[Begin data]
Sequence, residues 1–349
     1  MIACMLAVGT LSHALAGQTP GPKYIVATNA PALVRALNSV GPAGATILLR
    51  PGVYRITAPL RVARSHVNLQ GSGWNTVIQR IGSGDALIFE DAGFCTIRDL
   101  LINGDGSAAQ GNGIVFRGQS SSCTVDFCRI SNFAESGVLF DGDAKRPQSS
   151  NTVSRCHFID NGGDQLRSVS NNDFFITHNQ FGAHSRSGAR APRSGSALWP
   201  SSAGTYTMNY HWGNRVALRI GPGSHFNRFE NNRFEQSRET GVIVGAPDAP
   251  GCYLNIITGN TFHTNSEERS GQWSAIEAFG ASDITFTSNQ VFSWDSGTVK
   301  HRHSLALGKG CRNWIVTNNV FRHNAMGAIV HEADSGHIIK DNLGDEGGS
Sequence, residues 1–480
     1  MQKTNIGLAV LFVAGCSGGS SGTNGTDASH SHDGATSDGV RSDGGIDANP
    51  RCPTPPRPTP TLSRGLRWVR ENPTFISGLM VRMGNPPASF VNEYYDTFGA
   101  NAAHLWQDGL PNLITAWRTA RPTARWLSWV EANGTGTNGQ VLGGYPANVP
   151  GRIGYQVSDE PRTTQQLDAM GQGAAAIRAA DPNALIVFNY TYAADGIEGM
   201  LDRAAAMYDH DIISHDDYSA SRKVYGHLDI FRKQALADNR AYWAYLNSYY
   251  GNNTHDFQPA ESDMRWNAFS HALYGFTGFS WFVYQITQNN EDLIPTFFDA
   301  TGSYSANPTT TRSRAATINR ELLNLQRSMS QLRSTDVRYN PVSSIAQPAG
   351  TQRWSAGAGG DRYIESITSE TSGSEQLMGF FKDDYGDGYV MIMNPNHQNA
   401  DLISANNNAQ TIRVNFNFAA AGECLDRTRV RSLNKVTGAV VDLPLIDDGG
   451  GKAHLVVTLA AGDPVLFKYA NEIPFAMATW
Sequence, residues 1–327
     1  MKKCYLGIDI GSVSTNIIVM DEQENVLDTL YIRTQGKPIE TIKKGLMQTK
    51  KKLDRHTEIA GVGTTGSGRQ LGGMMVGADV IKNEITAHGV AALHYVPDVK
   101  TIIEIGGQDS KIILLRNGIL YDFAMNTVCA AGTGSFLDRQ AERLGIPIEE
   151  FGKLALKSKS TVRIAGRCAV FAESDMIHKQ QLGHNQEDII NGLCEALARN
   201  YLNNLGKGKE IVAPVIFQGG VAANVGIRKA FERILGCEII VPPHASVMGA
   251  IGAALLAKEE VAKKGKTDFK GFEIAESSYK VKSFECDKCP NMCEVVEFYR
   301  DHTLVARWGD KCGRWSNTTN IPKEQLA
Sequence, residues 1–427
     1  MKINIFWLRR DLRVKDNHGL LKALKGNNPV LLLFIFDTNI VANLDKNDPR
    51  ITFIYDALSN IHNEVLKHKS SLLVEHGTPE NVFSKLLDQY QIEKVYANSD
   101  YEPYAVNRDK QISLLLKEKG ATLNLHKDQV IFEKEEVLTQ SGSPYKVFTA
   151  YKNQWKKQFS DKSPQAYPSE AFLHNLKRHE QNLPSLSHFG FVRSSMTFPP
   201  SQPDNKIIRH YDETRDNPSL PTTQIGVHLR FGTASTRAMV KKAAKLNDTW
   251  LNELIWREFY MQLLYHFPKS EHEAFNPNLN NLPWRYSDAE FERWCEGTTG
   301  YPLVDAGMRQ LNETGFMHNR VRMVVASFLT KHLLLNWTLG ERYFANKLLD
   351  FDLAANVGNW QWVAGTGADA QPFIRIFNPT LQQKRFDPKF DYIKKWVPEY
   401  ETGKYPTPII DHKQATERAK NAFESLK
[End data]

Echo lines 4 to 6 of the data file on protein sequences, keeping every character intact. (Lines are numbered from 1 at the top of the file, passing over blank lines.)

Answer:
   101  LINGDGSAAQ GNGIVFRGQS SSCTVDFCRI SNFAESGVLF DGDAKRPQSS
   151  NTVSRCHFID NGGDQLRSVS NNDFFITHNQ FGAHSRSGAR APRSGSALWP
   201  SSAGTYTMNY HWGNRVALRI GPGSHFNRFE NNRFEQSRET GVIVGAPDAP